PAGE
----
Converting an AsciiDoc string
//...
import java.util.HashMap;
//...

String html = asciidoctor.convert(
    "Writing AsciiDoc is _easy_!",
    new HashMap<String, Object>());
System.out.println(html);

The convertFile method will convert the contents of an AsciiDoc file.

Converting an AsciiDoc file
//...
import java.util.HashMap;
//...

String html = asciidoctor.convertFile(
    new File("sample.adoc"),
    new HashMap<String, Object>());
System.out.println(html);

The convertFiles method will convert a collection of AsciiDoc files:

Converting a collection of AsciiDoc files
//...
import java.util.Arrays;
//...

String[] result = asciidoctor.convertFiles(
    Arrays.asList(new File("sample.adoc")),
    new HashMap<String, Object>());

for (String html : result) {
    System.out.println(html);
}
If the converted content is written to files, the convertFiles method will return a String Array (i.e., String[]) with the names of all the converted documents.

Another method provided by the Asciidoctor interface is convertDirectory. This method converts all of the files with AsciiDoc extensions (.adoc (preferred), .ad, .asciidoc, .asc) that are present within a specified folder and following given strategy.

An instance of the DirectoryWalker interface, which provides a strategy for locating files to process, must be passed as the first parameter of the convertDirectory method. Currently Asciidoctor provides two built-in implementations of the DirectoryWalker interface:

Table 4. Built-in DirectoryWalker implementations
Class Description

AsciiDocDirectoryWalker

Converts all files of given folder and all its subfolders. Ignores files starting with underscore (_).

GlobDirectoryWalker

Converts all files of given folder following a glob expression.

If the converted content is not written into files, convertDirectory will return an array listing all the documents converted.

Converting all AsciiDoc files in a directory
//...
import org.asciidoctor.AsciiDocDirectoryWalker;
//...

String[] result = asciidoctor.convertDirectory(
    new AsciiDocDirectoryWalker("src/asciidoc"),
    new HashMap<String, Object>());

for (String html : result) {
    System.out.println(html);
}

Another way to convert AsciiDoc content is by calling the convert method and providing a standard Java java.io.Reader and java.io.Writer. The Reader interface is used as the source, and the converted content is written to the Writer interface.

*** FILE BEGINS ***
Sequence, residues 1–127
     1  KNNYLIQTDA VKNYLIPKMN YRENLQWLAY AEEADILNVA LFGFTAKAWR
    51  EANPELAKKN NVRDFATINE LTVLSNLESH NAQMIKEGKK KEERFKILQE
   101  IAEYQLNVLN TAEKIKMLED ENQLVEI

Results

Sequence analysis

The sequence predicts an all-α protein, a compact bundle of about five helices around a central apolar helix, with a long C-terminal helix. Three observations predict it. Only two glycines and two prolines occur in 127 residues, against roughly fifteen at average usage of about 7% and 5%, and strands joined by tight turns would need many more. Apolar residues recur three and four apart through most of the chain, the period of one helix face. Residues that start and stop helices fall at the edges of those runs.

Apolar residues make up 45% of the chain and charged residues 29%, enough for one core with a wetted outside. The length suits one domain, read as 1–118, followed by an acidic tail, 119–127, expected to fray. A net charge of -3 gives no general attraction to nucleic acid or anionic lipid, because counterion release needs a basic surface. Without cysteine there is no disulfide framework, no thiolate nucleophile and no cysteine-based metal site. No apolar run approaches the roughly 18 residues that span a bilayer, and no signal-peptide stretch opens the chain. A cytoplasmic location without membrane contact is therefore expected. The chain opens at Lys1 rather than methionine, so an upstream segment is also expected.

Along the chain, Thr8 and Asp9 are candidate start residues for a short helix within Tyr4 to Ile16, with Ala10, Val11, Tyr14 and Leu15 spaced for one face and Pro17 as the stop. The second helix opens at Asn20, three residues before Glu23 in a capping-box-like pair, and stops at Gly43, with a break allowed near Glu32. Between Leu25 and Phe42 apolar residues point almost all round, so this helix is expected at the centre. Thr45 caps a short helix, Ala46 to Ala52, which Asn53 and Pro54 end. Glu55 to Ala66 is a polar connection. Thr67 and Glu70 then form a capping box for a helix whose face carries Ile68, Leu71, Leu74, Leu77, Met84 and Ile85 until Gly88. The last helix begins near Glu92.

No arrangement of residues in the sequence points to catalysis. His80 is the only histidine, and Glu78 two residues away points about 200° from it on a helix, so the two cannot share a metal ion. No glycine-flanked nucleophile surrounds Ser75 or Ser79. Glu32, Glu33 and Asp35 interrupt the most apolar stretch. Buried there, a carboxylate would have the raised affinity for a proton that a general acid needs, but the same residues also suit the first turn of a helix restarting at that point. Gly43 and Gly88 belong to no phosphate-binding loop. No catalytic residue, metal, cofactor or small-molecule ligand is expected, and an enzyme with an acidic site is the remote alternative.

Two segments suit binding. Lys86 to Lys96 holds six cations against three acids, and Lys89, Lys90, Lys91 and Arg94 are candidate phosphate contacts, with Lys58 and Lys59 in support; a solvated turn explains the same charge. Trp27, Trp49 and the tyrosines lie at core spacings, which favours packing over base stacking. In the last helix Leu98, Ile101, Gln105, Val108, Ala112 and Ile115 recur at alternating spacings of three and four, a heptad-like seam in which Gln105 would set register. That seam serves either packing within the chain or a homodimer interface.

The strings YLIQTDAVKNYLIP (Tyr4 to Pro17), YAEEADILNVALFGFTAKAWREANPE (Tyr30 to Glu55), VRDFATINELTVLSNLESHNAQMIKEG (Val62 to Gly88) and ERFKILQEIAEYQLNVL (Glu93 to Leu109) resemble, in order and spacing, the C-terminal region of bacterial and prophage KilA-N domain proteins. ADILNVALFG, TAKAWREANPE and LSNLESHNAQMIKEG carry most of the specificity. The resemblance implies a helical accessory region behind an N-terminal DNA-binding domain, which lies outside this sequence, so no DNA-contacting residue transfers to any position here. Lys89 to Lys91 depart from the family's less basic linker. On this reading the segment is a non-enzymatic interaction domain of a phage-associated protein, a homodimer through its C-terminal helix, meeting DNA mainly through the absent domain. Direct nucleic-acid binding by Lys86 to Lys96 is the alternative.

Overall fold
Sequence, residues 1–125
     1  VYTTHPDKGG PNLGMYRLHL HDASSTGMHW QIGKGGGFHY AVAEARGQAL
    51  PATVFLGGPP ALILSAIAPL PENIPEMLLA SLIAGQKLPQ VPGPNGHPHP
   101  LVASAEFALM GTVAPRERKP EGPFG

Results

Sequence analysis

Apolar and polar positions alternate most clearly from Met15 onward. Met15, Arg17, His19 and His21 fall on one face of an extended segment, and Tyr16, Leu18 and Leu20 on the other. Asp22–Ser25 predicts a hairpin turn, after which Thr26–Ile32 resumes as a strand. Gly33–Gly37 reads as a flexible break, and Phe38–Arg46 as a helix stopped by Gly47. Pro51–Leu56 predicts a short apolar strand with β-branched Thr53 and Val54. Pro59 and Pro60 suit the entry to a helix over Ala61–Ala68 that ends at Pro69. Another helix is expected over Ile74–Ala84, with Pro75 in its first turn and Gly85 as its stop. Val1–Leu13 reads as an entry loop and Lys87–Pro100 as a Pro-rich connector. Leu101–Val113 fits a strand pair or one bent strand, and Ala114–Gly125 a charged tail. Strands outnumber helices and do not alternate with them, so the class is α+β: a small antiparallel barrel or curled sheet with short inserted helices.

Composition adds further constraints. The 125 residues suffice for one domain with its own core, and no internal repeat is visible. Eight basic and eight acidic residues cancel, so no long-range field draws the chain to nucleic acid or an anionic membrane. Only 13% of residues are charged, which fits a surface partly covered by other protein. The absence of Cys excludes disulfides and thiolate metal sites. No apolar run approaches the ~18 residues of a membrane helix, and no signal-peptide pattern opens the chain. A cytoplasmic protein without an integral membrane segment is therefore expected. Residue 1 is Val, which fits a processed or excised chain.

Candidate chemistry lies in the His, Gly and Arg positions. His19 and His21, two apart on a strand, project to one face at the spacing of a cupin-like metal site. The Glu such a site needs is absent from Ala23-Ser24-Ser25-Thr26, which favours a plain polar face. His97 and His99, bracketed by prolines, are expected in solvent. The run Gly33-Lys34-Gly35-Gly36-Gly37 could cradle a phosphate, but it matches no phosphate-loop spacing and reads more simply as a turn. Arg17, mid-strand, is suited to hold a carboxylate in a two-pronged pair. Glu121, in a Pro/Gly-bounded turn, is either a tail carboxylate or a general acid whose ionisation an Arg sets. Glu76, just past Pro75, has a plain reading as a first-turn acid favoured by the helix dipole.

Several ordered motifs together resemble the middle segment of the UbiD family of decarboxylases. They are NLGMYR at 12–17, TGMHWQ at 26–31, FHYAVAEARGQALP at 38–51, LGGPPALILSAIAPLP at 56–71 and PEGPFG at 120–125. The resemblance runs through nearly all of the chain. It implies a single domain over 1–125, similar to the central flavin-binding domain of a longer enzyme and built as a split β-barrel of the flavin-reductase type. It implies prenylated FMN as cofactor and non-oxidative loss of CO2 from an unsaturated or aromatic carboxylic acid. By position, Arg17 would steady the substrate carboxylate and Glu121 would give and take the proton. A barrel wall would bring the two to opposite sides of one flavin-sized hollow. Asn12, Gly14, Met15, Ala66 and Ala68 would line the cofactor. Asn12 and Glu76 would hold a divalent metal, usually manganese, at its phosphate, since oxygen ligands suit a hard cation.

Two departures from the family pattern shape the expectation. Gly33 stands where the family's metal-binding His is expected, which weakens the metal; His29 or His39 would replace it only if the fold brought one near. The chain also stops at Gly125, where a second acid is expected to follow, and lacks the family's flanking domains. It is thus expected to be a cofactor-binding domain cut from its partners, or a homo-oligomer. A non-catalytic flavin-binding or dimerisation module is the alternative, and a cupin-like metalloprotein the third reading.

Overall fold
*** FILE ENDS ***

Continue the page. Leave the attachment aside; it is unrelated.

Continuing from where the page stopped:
Converting content read from a java.io.Reader to a java.io.Writer
//...
import java.io.FileReader;
import java.io.StringWriter;
//...

FileReader reader = new FileReader(new File("sample.adoc"));
StringWriter writer = new StringWriter();

asciidoctor.convert(reader, writer, options().asMap());

StringBuffer htmlBuffer = writer.getBuffer();
System.out.println(htmlBuffer.toString());

Safe mode and file system access

Asciidoctor provides security levels that control the read and write access of attributes, the include directive, macros, and scripts while a document is processing. Each level includes the restrictions enabled in the prior security level.

When Asciidoctor (and AsciidoctorJ) is used as API, it uses SECURE safe mode by default. This mode is the most restrictive one and in summary it disallows the document from attempting to read files from the file system and including their contents into the document.

We recommend you to set SAFE safe mode when rendering AsciiDoc documents using AsciidoctorJ to have almost all Asciidoctor features such as icons, include directive or retrieving content from URIs enabled.

Safe mode is set as option when a document is rendered. For example:

import static org.asciidoctor.OptionsBuilder.options;

Map<String, Object> options = options().safe(SafeMode.SAFE)
                                       .asMap();

String outfile = asciidoctor.convertFile(new File("sample.adoc"), options);

We are going to explain in more detail options in next section.

Conversion options

Asciidoctor supports numerous options, such as:

in_place

Converts the output to a file adjacent to the input file.

template_dirs

Specifies a directory of Tilt-compatible templates to be used instead of the default built-in templates

attributes

A Hash (key-value pairs) of attributes to configure various aspects of the AsciiDoc processor

The second parameter of the convert method is java.util.Map. The options listed above can be set in java.util.Map.

Using the in_place option and the backend attribute
Map<String, Object> attributes = new HashMap<String, Object>();
attributes.put("backend", "docbook"); (1)

Map<String, Object> options = new HashMap<String, Object>();
options.put("attributes", attributes); (2)
options.put("in_place", true); (3)

String outfile = asciidoctor.convertFile(new File("sample.adoc"), options);
1 Defines the backend attribute as docbook in the attributes map
2 Registers the attributes map as the attributes option in the options map
3 Defines the in_place option in the options map